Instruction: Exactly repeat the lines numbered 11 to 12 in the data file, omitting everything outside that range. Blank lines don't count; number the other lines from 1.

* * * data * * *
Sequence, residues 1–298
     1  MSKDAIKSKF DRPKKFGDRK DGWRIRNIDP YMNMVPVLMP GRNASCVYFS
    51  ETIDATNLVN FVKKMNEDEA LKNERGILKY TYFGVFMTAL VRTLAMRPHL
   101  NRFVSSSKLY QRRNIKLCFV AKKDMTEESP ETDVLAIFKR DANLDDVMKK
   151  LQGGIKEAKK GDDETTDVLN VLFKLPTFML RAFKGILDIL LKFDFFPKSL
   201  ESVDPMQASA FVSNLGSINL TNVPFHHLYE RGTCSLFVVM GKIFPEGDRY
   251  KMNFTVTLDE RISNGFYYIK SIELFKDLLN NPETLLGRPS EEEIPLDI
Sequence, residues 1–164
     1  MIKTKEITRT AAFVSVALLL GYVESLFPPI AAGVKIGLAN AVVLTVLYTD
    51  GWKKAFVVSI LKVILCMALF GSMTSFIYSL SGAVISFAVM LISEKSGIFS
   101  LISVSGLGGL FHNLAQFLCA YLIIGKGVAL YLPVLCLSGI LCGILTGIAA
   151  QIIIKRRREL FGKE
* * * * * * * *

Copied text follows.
   101  LISVSGLGGL FHNLAQFLCA YLIIGKGVAL YLPVLCLSGI LCGILTGIAA
   151  QIIIKRRREL FGKE